Punjab: ‘Those who live in border areas are extremely backward’

Abeer Kapoor Delhi 

Professor Jagroop Singh Sekhon is the head of department of the political science department at the Guru Nanak Dev University, Amritsar, and has undertaken several studies on the border that Punjab shares with Pakistan. In conversation with Hardnews, he talks about the history of the border, the underdevelopment, and the major concerns peculiar to the area

Could you talk us through the main issues that are at stake at the border? 

One of the projects we undertook was to understand the problems faced by farmers due to fencing at the border. This border is unnatural, man-made and politically-driven. The fencing project began in 1987, but was stopped intermittently because of issues that Pakistan raised, but carried on 1989 onwards.

In the late ’70s when the terrorism and militancy problem began, the involvement of Pakistan was clear and the border was built as a reaction to that. The fence encloses large amounts of land of farmers, causing much distress. The border belt stretches for 16 km and extends for 562 km in Punjab along three districts.

The border that India shares with Pakistan in the Punjab is an extremely volatile border, unlike the Line of Control in Kashmir. There is a fear attached to the border; with successive wars and other incidents, many people have left. There are 279 villages at the border on paper. Only 221 exist, with people living there. Of these, 58 have witnessed mass evacuation because of the Partition and post-Partition incidents. 

One must understand that the people who live in these areas are extremely backward. During our research we have found that the population growth is very different from the rest of Punjab. It is lower in the border areas than in the rest of the state. Each border district has different social groups. Those living in Amritsar will be extremely different from those in Firozpur, but the underdevelopment is common.  

One village in Firozepur is surrounded by Pakistani villages on three sides. There are many like this. You have to take Border Security Force (BSF) permission to even access these villages.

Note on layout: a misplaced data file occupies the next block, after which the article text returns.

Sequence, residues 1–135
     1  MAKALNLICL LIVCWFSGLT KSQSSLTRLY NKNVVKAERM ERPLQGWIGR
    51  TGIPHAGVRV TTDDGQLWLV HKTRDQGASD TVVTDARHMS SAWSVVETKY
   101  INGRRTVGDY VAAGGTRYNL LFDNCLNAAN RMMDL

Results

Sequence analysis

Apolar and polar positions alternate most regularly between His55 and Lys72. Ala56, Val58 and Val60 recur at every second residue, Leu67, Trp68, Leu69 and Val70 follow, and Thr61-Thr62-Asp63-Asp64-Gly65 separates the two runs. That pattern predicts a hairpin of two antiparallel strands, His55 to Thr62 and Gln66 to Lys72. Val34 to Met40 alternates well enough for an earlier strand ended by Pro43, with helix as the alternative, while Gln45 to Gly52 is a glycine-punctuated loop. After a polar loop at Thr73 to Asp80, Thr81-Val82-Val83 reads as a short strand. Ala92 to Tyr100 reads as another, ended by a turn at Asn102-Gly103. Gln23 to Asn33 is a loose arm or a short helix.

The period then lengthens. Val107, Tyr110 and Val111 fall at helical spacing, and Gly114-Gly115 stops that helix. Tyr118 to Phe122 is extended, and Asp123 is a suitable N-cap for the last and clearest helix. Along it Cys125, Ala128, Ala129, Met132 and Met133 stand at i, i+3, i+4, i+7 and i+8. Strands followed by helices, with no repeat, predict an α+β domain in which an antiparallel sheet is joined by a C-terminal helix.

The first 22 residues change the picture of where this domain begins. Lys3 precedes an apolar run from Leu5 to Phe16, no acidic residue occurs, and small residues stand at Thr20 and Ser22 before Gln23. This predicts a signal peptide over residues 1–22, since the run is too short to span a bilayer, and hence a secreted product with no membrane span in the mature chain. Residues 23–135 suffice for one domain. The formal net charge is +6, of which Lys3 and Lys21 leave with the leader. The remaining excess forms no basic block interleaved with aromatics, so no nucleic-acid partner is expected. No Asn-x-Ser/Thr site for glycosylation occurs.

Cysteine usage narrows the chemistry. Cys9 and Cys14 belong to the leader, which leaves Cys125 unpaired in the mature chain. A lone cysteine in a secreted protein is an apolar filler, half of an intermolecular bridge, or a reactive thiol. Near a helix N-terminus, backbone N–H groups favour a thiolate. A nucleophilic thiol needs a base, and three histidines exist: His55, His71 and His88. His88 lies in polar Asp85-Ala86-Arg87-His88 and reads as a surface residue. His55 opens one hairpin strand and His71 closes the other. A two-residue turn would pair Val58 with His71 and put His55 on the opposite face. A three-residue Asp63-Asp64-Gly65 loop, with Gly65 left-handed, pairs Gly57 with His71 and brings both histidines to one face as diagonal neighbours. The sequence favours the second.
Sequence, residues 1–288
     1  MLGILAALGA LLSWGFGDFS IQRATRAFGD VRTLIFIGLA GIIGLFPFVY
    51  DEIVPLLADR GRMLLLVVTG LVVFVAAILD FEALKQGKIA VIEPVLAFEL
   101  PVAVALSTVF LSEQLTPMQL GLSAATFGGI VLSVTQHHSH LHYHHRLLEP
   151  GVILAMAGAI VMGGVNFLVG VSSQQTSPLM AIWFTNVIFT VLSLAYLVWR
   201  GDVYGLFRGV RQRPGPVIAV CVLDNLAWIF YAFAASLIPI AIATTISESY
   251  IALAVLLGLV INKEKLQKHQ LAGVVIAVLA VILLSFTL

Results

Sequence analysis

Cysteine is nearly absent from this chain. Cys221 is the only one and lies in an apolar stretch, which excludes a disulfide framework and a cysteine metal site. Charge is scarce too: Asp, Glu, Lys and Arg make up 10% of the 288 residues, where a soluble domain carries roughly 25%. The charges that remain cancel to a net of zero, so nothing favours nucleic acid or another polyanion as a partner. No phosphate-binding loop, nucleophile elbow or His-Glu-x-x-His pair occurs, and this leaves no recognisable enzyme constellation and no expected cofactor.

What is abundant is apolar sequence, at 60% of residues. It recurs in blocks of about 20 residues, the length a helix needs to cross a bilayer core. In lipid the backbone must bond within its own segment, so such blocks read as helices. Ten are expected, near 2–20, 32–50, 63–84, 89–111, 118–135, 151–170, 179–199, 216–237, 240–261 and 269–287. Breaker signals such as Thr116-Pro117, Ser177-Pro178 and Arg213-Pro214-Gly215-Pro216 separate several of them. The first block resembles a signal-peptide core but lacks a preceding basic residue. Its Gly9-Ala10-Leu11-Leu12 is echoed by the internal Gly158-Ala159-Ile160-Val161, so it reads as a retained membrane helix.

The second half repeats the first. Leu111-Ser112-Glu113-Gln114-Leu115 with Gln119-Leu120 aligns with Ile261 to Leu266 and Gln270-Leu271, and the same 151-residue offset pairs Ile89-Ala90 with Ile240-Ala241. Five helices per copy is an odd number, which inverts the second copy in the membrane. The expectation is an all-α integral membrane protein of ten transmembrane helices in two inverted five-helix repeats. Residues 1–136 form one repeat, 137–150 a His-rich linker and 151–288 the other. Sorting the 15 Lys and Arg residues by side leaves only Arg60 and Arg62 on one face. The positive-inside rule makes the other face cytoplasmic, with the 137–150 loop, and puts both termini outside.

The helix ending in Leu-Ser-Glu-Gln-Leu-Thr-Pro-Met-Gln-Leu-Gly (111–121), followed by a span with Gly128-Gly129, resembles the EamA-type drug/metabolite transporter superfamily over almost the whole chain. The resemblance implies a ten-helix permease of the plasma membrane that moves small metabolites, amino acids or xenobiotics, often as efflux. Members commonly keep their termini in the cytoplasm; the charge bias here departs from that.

There seems to be entrenched underdevelopment. What are the causes and outcomes? 

The main cause of the underdevelopment  is the narrative of security and the building up of the border. The politicians, one after another, only care for security and not development. In 2001, after the Parliament attack, soldiers were stationed at the border which led to the evacuation of a large number of people from
the border. 

We must also understand what sort of people live on the border. It is the residue that is left behind after migration. It is that set of people who have been left behind by the green revolution, who still live in mud huts and don’t have any alternative. Wave after wave left during the terrorism, and then those who earned their share during the green revolution. Left behind are those who just couldn’t leave.

The institutions have broken down, literacy is low and there are very few jobs. Punjab is No. 22 in the country in terms of literacy. If the state shows a low literacy rate, the border areas will be even lower. The parameters of the Human Development Index are also low. The most crippling part of this is that they have no means of vocalising their concerns. In our research we have found that the education level in the border areas in Punjab is far lower than even Jharkhand.

 The decline of the Left and the complete absence of student elections contributed to absence of a voice for the politically disaffected and marginalised. This seems to continue.   

This story is from the print issue of Hardnews: JANUARY 2016